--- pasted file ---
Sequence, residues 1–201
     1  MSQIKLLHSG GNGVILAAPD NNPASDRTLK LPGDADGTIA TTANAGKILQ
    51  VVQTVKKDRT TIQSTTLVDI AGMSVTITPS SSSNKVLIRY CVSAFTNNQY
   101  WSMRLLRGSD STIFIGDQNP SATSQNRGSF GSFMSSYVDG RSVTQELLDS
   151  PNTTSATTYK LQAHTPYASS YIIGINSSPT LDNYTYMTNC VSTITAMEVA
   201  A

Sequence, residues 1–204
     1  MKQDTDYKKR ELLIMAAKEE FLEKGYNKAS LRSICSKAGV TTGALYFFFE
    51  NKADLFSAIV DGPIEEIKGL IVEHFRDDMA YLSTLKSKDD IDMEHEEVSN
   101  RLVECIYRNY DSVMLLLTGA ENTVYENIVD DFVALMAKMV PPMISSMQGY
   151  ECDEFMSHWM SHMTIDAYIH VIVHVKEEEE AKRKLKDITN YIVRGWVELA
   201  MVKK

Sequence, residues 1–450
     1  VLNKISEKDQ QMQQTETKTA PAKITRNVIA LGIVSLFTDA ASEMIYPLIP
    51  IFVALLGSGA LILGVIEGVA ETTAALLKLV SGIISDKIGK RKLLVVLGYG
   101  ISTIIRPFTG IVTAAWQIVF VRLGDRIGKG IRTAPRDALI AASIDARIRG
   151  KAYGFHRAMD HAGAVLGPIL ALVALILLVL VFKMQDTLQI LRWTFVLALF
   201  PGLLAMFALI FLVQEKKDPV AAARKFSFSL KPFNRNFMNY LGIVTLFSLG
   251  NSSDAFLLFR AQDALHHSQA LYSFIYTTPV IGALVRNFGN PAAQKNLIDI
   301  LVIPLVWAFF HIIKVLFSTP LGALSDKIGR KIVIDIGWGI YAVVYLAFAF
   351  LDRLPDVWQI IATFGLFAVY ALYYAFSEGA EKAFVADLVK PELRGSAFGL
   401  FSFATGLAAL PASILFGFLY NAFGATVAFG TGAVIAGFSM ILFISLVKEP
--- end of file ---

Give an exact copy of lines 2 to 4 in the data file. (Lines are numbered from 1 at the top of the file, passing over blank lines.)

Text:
     1  MSQIKLLHSG GNGVILAAPD NNPASDRTLK LPGDADGTIA TTANAGKILQ
    51  VVQTVKKDRT TIQSTTLVDI AGMSVTITPS SSSNKVLIRY CVSAFTNNQY
   101  WSMRLLRGSD STIFIGDQNP SATSQNRGSF GSFMSSYVDG RSVTQELLDS